28 January 2018   Leave a comment

Russia will be holding national elections on 18 March and there seems to be little doubt that current President Putin will win an unprecedented 4th term.  But the opposition to Putin refuses to be silenced.  His most prominent opponent, Alexei Navalny, has been in many protests against Putin even though he has been barred from running against Mr. Putin. Navalny was arrested yet again today, and the offices of his political party were raided by police. There were protests in more than 100 cities in support of Mr. Navalny, and all the  protesters risked the chance of being arrested.  Navalny has called for a boycott of the election, but Putin’s popularity in Russia hovers around 80% approval.

Alexei Navalny


US trade actions have begun to alter the trading patterns of its most significant partners.  President Trump has made it clear that he wishes to renegotiate the North American Free Trade Agreement (NAFTA) which was put into place in 1994.  The negotiations between the US, Canada, and Mexico have been very difficult and not particularly productive, but Mexico is not waiting for the negotiations to be over to protect its imports of agricultural products.  According to Reuters:

“The United States remains the dominant grain supplier to Mexico. Yet Mexico imported 583,000 metric tonnes of corn from Brazil in 2017, a 980 percent jump from the previous year, according to Mexican government trade data.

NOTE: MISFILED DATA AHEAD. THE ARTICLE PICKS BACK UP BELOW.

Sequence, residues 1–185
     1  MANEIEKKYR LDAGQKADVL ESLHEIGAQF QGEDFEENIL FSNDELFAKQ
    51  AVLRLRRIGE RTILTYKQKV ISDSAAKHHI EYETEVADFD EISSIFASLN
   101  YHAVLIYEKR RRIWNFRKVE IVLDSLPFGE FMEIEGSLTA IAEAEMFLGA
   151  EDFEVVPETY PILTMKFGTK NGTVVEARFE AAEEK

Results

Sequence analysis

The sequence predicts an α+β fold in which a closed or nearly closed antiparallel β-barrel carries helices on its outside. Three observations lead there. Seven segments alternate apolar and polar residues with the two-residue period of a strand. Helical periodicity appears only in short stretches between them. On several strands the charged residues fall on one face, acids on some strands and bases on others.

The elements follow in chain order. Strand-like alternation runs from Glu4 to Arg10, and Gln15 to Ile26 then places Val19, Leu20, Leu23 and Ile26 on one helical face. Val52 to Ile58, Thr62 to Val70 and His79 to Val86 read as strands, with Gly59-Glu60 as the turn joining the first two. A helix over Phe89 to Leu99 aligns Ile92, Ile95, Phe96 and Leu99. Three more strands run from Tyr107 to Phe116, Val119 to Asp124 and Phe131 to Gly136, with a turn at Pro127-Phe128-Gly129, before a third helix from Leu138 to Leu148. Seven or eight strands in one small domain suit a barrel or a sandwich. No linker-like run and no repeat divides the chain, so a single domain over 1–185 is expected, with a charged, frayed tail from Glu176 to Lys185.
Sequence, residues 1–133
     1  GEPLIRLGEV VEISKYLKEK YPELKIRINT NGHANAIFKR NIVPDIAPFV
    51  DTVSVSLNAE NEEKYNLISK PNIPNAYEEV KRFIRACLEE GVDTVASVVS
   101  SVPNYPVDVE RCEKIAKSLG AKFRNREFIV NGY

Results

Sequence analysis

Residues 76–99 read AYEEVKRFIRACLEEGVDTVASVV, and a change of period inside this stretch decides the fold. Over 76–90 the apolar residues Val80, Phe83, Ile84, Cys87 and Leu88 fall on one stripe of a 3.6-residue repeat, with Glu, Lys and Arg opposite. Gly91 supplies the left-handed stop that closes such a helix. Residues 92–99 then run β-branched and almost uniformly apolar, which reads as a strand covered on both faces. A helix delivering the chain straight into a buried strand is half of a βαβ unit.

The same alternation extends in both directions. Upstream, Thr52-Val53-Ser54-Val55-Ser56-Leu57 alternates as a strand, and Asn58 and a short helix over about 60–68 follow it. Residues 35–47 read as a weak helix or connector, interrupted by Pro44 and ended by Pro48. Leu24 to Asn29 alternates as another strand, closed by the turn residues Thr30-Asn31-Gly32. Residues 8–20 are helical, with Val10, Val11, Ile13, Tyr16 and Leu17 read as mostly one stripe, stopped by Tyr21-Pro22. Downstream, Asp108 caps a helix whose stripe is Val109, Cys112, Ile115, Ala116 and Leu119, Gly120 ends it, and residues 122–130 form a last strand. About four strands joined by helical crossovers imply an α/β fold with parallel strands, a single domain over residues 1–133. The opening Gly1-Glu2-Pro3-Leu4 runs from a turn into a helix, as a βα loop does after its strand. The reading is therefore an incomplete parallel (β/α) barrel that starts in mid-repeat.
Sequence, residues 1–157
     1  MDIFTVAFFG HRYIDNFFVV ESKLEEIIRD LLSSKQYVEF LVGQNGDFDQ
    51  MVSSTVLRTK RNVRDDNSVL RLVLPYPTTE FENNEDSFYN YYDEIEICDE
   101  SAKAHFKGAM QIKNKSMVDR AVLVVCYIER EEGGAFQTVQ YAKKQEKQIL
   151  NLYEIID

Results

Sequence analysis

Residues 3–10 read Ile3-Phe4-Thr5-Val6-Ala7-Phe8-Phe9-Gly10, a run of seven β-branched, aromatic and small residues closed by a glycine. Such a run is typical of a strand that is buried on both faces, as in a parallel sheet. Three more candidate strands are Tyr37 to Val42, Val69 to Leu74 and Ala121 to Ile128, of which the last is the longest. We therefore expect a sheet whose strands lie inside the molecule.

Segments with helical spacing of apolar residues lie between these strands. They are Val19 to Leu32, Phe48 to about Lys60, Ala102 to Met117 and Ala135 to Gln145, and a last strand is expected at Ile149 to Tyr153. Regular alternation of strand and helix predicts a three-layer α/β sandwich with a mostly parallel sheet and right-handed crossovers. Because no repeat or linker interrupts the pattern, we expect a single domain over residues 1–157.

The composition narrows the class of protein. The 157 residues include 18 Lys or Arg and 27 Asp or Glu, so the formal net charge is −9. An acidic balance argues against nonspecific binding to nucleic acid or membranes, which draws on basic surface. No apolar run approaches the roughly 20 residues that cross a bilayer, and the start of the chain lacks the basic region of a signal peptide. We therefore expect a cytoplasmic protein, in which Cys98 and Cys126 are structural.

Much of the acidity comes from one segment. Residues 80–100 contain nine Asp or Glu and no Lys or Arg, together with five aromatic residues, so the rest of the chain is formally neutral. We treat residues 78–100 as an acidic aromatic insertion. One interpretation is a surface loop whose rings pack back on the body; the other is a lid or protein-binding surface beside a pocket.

“Mexican imports of U.S. soybean meal, used to feed chickens and livestock, fell 29 percent in the first 11 months of 2017, compared with the same period the previous year, according to the U.S. Department of Agriculture.”

The shifts will undoubtedly affect the income of farmers who were among President Trump’s strongest supporters in 2016.


One of the most difficult issues in world politics is the question of the extent to which human rights are universal.  Liberal states assert that human rights are applicable everywhere; others assert that human rights are culturally defined.  One such controversy centers around the practice of female genital mutilation.  The practice has been condemned and outlawed in most countries, but it still occurs in many places.   Kenya outlawed the practice in 2011, but Dr Tatu Kamau, who has held a number of high-level positions at the Ministry of Health, told a high court that Kenya’s 2011 ban on FGM was unconstitutional and discriminated against ‘national heritage’”.  It is unlikely that Dr. Kamau’s petition will succeed, but it suggests how difficult it has been to abolish the practice.


Posted January 28, 2018 by vferraro1971 in World Politics

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